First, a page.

3 . How to address injuries and special conditions

Part of the beauty of yoga therapy is the directive toward healing. People frequently use yoga therapy as a last resort and it is the job of the yoga therapist to create the safe space required for healing to happen. Yoga therapists are trained to address clients with a number of special conditions, including joint replacements, degenerative conditions, immune disorders, chronic conditions, injuries, and much more. In many specialized professional trainings, yoga therapists are encouraged to work with other health care practitioners to develop an integrated plan of care.

Unlike general or style-specific yoga teacher trainings, yoga therapy trainings cover a range of potential red flags for particular poses, categories of poses, and yogic techniques. Yoga is strong medicine and learning how to apply that medicine appropriately is the purview of yoga therapy trainings. And because of this specialization, yoga therapists are generally compensated more than yoga teachers, even hour-per-hour for private yoga sessions and group yoga classes.

 

4. How to communicate the value of yoga articulately

In addition to the practical components of learning to address certain therapeutic needs, providing a space for healing, and structuring person-centered sessions, my yoga therapy training gave me the ability to clearly articulate WHY yoga works. Many of us know personally and professionally of yoga’s power to heal; we see yoga’s beneficial results within our own lives and in others.’ Yet we need to do more than just say ‘yoga heals’ or ‘yoga works.’ Information is the commodity of our times; sweeping general statements of yoga’s efficacy are no longer enough to compel people into action.

Yoga-based research studies are more numerous these days and each passing month enriches the body of science-backed knowledge on yoga and it’s benefits.  An effective yoga therapy training will inform you of the most recent, evidence-based studies allowing you to confidently communicate the specific benefits of yoga, the physiological, anatomical, and psychological mechanisms behind yogic techniques, and the value of particular techniques for specific conditions.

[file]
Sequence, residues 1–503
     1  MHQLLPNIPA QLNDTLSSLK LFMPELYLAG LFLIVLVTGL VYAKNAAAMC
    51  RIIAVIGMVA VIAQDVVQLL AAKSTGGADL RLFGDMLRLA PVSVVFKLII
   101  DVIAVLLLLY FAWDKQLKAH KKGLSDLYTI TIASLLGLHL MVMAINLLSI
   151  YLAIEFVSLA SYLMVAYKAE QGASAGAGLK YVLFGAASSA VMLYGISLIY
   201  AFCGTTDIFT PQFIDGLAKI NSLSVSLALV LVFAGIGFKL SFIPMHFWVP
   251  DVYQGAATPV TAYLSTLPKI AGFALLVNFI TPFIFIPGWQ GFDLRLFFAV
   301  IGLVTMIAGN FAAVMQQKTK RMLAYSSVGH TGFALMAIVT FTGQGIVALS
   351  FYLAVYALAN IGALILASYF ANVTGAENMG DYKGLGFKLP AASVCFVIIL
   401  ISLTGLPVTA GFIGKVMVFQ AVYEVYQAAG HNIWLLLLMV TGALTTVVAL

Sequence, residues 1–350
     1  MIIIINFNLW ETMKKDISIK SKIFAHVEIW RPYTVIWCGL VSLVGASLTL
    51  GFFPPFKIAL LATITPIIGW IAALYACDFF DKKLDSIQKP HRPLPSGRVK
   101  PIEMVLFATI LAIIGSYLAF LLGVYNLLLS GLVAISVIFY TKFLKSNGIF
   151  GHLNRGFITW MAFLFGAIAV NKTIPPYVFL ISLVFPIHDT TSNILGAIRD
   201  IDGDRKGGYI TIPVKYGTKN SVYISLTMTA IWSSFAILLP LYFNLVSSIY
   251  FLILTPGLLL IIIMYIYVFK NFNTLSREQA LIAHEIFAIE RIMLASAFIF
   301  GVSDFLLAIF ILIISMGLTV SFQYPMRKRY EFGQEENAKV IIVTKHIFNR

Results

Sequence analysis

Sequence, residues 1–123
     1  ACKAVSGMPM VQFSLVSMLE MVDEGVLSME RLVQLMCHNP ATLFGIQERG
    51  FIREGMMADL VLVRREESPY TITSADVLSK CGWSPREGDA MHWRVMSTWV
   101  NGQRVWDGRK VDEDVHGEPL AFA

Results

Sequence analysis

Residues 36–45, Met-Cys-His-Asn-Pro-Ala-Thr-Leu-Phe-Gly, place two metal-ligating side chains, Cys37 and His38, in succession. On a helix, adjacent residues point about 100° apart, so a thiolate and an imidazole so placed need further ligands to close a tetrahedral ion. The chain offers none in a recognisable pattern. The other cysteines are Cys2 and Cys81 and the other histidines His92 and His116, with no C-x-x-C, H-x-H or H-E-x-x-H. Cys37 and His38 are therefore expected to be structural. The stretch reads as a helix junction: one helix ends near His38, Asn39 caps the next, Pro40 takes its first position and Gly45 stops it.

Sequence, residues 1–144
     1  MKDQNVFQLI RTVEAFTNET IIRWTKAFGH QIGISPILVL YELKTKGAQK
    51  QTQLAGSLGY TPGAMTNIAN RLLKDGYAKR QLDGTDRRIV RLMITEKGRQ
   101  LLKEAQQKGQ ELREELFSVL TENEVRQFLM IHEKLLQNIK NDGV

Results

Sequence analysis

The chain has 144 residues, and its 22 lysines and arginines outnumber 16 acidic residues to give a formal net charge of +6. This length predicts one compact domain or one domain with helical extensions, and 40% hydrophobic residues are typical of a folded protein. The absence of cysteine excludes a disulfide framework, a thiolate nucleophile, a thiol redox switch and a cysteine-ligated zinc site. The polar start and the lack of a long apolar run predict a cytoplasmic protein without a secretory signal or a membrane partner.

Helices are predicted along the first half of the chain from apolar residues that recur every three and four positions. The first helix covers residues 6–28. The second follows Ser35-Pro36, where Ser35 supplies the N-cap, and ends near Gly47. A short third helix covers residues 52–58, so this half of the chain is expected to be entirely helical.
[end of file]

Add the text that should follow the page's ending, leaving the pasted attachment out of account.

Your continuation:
5. How to collaborate with other healthcare professionals

As healers, we must recognize that certain treatment protocols are more effective than others. Indeed, much research into complementary and alternative medicine over the past several decades now details efficacious treatments for disease: conventional, alternative, and integrative. Since yoga therapy trainings are generally integrative in nature and delve into other holistic healing models, this open doors to collaboration with other healthcare practitioners, yoga-based researchers, and integrative wellness professionals. Yoga therapists are often called on to collaborate with other professionals in the development of treatment protocols or the coordination of yoga-based research studies. Furthermore, yoga therapists can often work closely with other practitioners like acupuncturists, chiropractors, bodyworkers, and integrative physicians to provide complementary support to their clients.

Are you ready to take the next step in your yoga career?

Join our next Yoga Therapy course: check out all the dates and courses here.

Have questions about yoga therapy? Schedule a Q + A chat with Kellie here.

 

I’d love to hear your feedback, too! Continue the conversation in the comments below, or share on social media.